People with bipolar disorder have mood swings, not the regular ups and downs of life that most of us experience, but more significant changes that impact on their occupational, social and family life, significantly. These changes in mood may cause them to behave in uncharacteristic ways, be unpredictable in their decision making and actions or indeed go through prolonged periods of dysfunctionality.
Occasional anxiety is an expected part of life. You might feel anxious when faced with a problem at work, before taking a test, or before making an important decision. But anxiety disorders involve more than temporary worry or fear. For a person with an anxiety disorder, the anxiety does not go away and can get worse over time.
People with bipolar disorder experience periods of unusually intense emotion, changes in sleep patterns and activity levels, and uncharacteristic behaviors—often without recognizing their likely harmful or undesirable effects. These distinct periods are called “mood episodes.”
People having a manic episode may:
Feel very “up,” “high,” elated, or irritable or touchy
Feel “jumpy” or “wired”
Have a decreased need for sleep
Have a loss of appetite
Talk very fast about a lot of different things
Feel like their thoughts are racing
Think they can do a lot of things at once
Do risky things that show poor judgment
Feel like they are unusually important, talented, or powerful
People having a depressive episode may:
Feel very sad, “down,” empty, worried, or hopeless
Feel slowed down or restless
Have trouble falling asleep, wake up too early, or sleep too much
Experience increased appetite and weight gain
Talk very slowly, feel like they have nothing to say, forget a lot
Have trouble concentrating or making decisions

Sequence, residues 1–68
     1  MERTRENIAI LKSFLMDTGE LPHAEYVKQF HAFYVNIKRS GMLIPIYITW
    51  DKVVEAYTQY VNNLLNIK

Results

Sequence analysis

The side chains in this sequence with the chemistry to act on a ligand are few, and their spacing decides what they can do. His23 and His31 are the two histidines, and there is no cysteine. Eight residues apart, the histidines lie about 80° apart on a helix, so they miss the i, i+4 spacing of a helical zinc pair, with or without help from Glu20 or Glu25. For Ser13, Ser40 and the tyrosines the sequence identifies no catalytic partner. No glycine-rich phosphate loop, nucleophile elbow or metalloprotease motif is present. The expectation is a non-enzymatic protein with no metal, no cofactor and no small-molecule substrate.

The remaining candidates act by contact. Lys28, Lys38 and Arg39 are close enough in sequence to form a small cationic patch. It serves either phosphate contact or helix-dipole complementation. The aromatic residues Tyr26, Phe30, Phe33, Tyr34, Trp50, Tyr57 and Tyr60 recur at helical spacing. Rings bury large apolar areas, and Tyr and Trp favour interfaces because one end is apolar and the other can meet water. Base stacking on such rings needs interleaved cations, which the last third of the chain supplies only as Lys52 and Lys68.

Feel unable to do even simple things
Have little interest in almost all activities
Feel hopeless or worthless, think about death or suicide
While the diagnosis is clinical, brain imaging, electrophysiology, blood tests to rule out reversible causes or indeed contributing factors and a thorough pre-rehabilitation assessment including evaluation for co-morbidities (associated conditions) will be required in all instances. At Buddhi Clinic our assessment includes standard outcome indicators for activities of daily life, quality of life, neuro-disability and mental health.
We understand bipolar disorders rather uniquely. We go beyond the mind to explore brain factors that impact on mood; the human body and its contributions (hormonal, metabolic and inflammatory factors) and the role and contribution of the person’s environment.
Our integrative approach beyond medication that stabilises the brain and mind includes neuromodulation (rTMS & tDCS), individual and family psychotherapy and a range of holistic interventions, Ayurveda, Naturopathy & Yoga that help calm the mind and restore normal functioning.
Appointments at Buddhi Clinic
We'll ask for some basic information to assess your care needs.
At the heart of Buddhi Clinic is integration. We firmly believe that putting a multidisciplinary team together under one roof, to care for you, is merely the first step. To be effective and add life to years, the team has to perform in synchrony. It is here that our unique world class model, developed diligently through years of painstaking research, comes into being.
Dr. E.S. Krishnamoorthy , Behavioural Neurologist & Neuropsychiatrist, Founder of Buddhi Clinic in conversation with Dr. Prabha Chandra, Professor of Psychiatry & Incharge of NIMHANS centre of well being & Ms. Sunena Gupta